If you do all this as close to perfectly as you can, you will have really powerful brakes (for drums) that are also sometimes and unfortunately prone to self-servoing. Many of the ones I have adjusted thusly became two-finger brakes. Sometimes, they became borderline dangerous because they would self-servo to varying degrees. I had a few friends and customers express dissatisfaction because they could lock them in even mildly-exciting situations and sometimes would crash or nearly. I experienced the same on the V7 Sport I used to own. The brakes on that were positively frightening in the rain.

After those incidences, on the bikes that were really prone to sudden locking, I settled on a very slight mis-timing of the shoes that resulted in a pretty damn good brake but one that would not self-servo. Unfortunately, keeping 4LS brakes in that state required non-stop maintenance. Yes, really hella-stout cables are absolutely necessary and can be super hard-to-find. NOS cables are IME, much preferable to willowy repro cables.

I like brakes, too. I rode my Eldo in all conditions and often daily for many years, so I well understand why you might want to sell your V7 Special if you cannot get the brakes sorted because I went through the same process myself.

At first, I fitted a disc front end. With a stock m/c, that set-up was a sick joke that was even less powerful than the 4LS brakes (as Charlie said, because of a horribly wrong leverage ratio between m/c and caliper), so I added a second disc with the stock m/c. That was much better, because of the better leverage ratio. Then, I swapped in a 13 mm m/c, and that made it into a really good stopper, because of an even better leverage ratio.

I like suspension, too, so I wanted something better than the disc-type forks. At first, I figured out how to fit FAC dampers to Eldo disc-type forks. That worked better, but still not well enough, so I looked around for a few years for a better solution.

Finally, I just grafted on the upside-down forks from a V11 Ballabio and the tubeless wire front wheel from a 2004 EV, which got me better forks, much-improved trail numbers, larger-diameter floating discs, and final-generation non-radial four-pot Brembo calipers. That was an absolute shit-ton of work to effect, though, and I had to make many adaptive pieces to get it to work properly and look right, with the stock fender and braces.

And, I still have my FAC-equipped disc-type forks should I want to fit them to another Loop in the future.

Moral of this long-winded story is that if your 4LS brakes are leaving you underwhelmed with their power, something is amiss that is sucking away much of their potential—but the potential is there to make them into very capable drums. Don't give up yet. The members of this list can't likely do it for you but we can likely tell you how.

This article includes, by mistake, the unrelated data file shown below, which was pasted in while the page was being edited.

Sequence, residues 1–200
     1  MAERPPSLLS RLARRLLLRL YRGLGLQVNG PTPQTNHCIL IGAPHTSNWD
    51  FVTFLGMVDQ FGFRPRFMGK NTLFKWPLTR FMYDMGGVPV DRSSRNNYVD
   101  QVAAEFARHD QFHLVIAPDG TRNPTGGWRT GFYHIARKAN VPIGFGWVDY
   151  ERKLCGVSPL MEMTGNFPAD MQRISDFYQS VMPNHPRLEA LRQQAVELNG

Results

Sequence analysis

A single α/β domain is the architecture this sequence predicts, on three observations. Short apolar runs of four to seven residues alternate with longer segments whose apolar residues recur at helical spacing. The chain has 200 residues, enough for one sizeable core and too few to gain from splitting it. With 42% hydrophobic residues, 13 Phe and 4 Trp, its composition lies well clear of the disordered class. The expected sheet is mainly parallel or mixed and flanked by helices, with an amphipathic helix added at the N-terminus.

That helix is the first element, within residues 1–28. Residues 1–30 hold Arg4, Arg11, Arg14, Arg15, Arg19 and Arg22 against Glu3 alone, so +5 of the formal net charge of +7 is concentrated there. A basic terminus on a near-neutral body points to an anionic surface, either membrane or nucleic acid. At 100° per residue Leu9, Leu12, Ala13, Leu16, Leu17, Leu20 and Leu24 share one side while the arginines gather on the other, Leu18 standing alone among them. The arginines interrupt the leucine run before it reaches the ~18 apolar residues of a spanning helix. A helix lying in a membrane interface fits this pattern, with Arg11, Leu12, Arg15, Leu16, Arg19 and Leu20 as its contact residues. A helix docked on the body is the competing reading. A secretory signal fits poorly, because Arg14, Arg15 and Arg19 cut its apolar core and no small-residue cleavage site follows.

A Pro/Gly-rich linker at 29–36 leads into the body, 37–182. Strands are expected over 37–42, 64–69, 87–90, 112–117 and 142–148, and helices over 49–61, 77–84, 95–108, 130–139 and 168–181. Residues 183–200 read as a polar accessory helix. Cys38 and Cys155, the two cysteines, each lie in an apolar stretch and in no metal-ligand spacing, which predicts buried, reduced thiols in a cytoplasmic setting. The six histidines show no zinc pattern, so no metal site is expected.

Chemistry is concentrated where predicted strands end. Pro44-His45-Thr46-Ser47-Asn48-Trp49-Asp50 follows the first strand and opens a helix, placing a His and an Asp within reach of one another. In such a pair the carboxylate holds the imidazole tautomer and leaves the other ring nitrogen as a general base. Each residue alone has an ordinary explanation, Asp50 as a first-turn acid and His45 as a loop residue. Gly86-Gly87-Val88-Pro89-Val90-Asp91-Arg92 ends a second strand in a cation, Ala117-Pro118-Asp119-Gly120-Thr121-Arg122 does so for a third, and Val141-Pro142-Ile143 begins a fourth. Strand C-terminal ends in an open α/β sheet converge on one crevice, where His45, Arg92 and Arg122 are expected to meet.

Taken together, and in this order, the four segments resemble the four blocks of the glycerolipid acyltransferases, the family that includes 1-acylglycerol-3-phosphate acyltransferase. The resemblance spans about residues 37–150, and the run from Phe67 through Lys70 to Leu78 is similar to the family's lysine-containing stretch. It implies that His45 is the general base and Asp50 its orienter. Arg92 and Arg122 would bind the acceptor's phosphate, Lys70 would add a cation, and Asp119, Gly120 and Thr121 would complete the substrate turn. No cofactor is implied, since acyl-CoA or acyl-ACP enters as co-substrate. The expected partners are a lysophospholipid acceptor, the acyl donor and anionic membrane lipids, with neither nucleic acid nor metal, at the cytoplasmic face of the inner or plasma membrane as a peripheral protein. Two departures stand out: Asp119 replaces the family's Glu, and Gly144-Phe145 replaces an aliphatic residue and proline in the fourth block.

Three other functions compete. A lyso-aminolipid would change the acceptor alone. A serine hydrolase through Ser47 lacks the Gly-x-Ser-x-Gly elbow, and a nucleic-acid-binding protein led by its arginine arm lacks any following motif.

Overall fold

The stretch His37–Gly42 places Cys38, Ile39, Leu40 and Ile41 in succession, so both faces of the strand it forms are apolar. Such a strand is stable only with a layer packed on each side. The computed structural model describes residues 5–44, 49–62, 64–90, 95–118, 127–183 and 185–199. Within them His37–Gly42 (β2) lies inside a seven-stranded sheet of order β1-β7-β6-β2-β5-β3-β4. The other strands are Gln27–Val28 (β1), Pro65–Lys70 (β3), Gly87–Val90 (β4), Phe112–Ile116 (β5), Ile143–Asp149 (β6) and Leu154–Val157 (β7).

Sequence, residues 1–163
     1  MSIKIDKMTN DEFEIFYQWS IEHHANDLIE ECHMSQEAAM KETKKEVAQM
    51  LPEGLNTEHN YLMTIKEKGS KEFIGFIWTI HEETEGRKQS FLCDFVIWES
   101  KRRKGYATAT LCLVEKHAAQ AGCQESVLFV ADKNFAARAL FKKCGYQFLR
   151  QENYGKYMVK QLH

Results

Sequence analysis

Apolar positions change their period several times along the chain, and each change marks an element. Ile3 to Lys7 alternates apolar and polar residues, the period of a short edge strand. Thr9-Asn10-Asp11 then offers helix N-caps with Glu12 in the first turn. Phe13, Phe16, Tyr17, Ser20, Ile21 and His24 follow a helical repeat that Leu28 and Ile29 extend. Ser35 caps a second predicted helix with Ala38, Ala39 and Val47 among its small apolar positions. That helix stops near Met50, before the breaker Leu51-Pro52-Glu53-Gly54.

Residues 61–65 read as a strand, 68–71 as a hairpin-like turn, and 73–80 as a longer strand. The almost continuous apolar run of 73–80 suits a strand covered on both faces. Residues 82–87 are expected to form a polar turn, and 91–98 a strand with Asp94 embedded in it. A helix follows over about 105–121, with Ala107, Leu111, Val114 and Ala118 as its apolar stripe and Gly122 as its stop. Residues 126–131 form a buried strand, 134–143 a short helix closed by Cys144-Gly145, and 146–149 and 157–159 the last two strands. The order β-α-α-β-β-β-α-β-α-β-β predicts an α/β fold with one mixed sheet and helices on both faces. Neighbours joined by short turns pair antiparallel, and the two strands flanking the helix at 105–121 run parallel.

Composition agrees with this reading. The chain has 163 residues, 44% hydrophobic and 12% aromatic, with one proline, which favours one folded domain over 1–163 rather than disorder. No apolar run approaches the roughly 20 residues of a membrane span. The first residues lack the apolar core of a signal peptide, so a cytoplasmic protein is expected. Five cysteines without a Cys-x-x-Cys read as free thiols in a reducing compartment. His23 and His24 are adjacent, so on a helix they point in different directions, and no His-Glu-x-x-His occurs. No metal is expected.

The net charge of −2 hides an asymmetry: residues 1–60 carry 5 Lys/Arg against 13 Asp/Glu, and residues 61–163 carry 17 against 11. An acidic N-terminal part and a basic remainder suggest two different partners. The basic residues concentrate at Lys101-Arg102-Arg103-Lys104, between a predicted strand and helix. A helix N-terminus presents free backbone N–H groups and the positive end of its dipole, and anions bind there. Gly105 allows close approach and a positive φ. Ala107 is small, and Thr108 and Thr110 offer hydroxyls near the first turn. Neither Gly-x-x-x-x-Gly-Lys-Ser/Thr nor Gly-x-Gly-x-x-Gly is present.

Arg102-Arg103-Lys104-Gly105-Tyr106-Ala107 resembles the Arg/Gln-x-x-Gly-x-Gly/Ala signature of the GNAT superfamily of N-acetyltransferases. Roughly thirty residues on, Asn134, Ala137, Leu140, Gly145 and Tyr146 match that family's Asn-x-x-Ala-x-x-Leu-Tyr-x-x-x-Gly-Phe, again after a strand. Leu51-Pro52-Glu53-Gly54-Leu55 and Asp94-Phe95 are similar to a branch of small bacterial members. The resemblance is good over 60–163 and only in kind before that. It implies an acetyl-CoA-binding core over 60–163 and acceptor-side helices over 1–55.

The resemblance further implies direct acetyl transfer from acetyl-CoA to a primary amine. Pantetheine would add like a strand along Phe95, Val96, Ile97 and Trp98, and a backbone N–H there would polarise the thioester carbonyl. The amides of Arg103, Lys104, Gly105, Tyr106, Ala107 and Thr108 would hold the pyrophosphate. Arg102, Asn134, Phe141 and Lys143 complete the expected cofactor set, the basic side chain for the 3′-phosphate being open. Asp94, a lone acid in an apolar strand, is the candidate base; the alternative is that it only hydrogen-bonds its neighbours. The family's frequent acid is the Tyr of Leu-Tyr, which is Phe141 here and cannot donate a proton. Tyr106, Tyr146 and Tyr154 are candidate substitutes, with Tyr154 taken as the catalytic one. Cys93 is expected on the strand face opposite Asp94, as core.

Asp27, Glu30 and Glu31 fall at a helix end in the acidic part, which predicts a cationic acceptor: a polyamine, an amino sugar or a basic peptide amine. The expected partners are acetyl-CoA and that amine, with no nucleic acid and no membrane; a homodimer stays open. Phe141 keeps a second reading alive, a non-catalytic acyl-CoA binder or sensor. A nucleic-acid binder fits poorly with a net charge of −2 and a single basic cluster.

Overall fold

Here are the Steps to a Great Front Brake

by Bruce Giller

  1. get new shoes with modern material. If your shoes are original, recycle them at a brake recliner or put them on the wall as Guzzi Art. Mark Etheridge of Moto Guzzi Classics sells them
  2. arc the shoes to the drum. (see instructions below)
  3. adjust the front brakes so that both leading shoes contact the drum at the same time (see instructions below)
  4. as the shoes wear, re-position the front drum's brake levers to compensate. Adjusting the brake cable is useful over a short range - plus the cable itself tends to lengthen. (I'm still writing this one up...it is Paul Linn's tip)

For those who want to do arc the brake shoes to the drum:

  1. Obtain some 80 grit sandpaper with a sticky back (you can find strips of sandpaper at your local auto paint store)
  2. Line the inside of the brake drum with one layer of the sandpaper (you will have to cut the paper to the width of the drum)
  3. Pencil on hatch marks over the entire width and length of each shoe
  4. Assemble wheel back on the bike.
  5. To center the wheel, use the front brake lever several times while spinning the front tire, then hold the brake lever down while tightening the front wheel nut
  6. Spin wheel and apply brakes a few times to sand down shoes
  7. Remove wheel and inspect pencil marks. If some of the marks are still there, repeat Steps 3-6 until the pencil marks have completely disappeared
  8. Remove paper from the drum and clean out the drum. This procedure will leave a pile of shoe particles inside the drum, especially if the shoes are new

You want to make sure that the two leading shoes are contacting the drum at the same time when braking. The procedure works better if you have 3 arms but can be done by one person.

  1. make sure that your front wheel is centered on the axle. To center the wheel, use the front brake lever several times while spinning the front tire, then hold the brake lever down while tightening the front axle nut
  2. Disconnect the metal rod connecting the two splined levers for each shoe from the front lever. It has forked end pieces which are held in place by a small pin with a cotter pin. The rod is welded to one end and screwed into the other.
  3. Squeeze the brake lever to where the point where the front shoe is contacting the drum
  4. At the same time, manually make the rear shoe contacts the drum by pulling back on the rear brake shoe splined lever
  5. Adjust the length of the connecting rod for a tight fit between the two shoes. You probably won't get a perfect fit due to the large adjustment distance. You have to turn the forked end 180 for each adjustment. I made mine a bit tight to compensate for future shoe wear